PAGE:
Yesterday I sent an email to the congregation, inviting you to gather for Communion at the church in groups of five. The present restrictions on gatherings has prompted many churches to consider whether and how the Lord’s Supper may be observed. Now that we are gathering again for Communion, I want to consider the meaning and significance of the Lord’s supper in a series of five notes on 1 Corinthians 11:17-34. There are five words that help us think about the meaning and significance of the Lord’s Supper: remembrance, covenant, anticipation, invitation, and examination.
The first word is remembrance. In 1 Corinthians 11:23-25, Paul quotes the command of Christ:
“For I received from the Lord what I also delivered to you, that the Lord Jesus on the night when he was betrayed took bread, and when he had given thanks, he broke it, and said, ‘This is my body which is for you. Do this in remembrance of me.’ In the same way also he took the cup, after supper, saying, ‘This cup is the new covenant in my blood.Do this, as often as you drink it, in remembrance of me.’”
“Do this in remembrance of me.” The Lord’s Supper is a meal of remembrance. Jesus himself commanded us to come together and eat and drink in order to remember him.
Why did he ordain that we remember him in this way? He could have said, read the Gospels in remembrance of me, or pray together in remembrance of me. But he says, “Do this – eat this bread and drink from this cup – in remembrance of me.”
Meals have commemorative significance in Scripture. The various feasts ordained in the Old Testament commemorated God’s presence and great works of salvation for his people. The people of Israel celebrated Passover every year in remembrance of the night God delivered them from slavery in Egypt. The meal wasn’t simply a means of recalling what God had done a long time ago, but what God does for his people. He is the God who is present with his people and who delivers his people.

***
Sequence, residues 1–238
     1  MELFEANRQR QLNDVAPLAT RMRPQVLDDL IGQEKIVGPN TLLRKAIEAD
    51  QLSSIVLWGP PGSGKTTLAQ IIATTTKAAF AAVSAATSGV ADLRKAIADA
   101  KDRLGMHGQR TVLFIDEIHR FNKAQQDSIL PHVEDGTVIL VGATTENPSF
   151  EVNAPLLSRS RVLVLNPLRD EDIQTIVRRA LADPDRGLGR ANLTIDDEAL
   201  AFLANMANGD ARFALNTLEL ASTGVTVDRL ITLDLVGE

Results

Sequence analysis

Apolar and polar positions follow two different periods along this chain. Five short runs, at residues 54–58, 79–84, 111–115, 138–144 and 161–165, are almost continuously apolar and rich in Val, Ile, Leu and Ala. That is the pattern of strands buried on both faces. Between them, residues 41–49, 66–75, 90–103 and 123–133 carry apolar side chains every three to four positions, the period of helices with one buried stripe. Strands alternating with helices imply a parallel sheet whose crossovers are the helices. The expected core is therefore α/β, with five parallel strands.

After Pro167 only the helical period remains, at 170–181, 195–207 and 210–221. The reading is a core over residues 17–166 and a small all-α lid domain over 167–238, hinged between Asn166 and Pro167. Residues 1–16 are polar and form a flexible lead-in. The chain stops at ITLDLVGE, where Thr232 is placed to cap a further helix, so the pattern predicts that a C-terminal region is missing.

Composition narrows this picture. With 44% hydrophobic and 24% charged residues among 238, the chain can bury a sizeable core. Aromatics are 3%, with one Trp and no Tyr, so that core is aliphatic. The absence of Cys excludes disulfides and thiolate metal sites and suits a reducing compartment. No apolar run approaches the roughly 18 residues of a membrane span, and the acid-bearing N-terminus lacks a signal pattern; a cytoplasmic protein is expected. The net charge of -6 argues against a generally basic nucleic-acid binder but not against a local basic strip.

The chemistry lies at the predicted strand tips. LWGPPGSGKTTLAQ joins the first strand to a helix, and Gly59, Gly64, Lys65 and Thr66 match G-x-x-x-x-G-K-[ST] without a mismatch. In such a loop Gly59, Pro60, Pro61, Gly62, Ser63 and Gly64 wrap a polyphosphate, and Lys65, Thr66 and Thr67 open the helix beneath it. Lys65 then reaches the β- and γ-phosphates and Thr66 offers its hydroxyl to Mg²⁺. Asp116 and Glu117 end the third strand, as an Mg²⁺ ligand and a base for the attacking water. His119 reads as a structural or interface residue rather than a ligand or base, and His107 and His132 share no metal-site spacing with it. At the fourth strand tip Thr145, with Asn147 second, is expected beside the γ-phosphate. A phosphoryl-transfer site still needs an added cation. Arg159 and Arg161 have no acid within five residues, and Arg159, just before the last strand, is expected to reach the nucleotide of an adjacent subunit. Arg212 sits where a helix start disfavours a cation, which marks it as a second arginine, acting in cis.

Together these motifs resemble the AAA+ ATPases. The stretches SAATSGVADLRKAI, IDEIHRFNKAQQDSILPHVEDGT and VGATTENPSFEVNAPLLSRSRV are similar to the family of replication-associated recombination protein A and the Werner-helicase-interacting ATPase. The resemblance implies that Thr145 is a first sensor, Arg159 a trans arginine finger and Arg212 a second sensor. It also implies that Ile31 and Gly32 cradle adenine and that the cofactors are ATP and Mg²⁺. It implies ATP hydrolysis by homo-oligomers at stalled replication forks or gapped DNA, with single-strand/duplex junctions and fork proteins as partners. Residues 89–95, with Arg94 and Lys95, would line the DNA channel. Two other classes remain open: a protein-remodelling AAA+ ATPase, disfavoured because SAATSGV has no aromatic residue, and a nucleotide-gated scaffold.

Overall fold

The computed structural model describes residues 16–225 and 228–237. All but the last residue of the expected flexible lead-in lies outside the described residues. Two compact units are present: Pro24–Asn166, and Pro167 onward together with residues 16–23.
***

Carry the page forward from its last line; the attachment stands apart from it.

In the same way, when we eat and drink at the Lord’s Supper, we remember God’s great work of salvation in Christ. We remember Jesus’s death on the cross for us. We remember his body, given for us, and his blood, shed for us and for many, for the forgiveness of sins. We’re reminded of God’s love for us, which is manifest and given on the cross.
The meal also reminds us of Jesus’s presence with us. Jesus commands, “Do this in remembrance of me.” We remember him, who is risen and present. He’s with us. His last words to his disciples were: “Behold, I am with you to the end of the age” (Matthew 28:20). He commanded us to gather together and celebrate this meal to remember and recognize his abiding presence and saving work among us.
We eat and drink in remembrance of Jesus and this act of remembrance is an act of faith and love. The Apostle Peter writes in 1 Peter 1:8:
“Though you have not seen him, you love him. Though you do not now see him, you believe in him and rejoice with joy that is inexpressible and filled with glory.”
We eat and drink in remembrance of Jesus. We eat and drink because though we have not seen him, we love him; though we do not now see him, we believe in him and rejoice with joy that is inexpressible and filled with glory.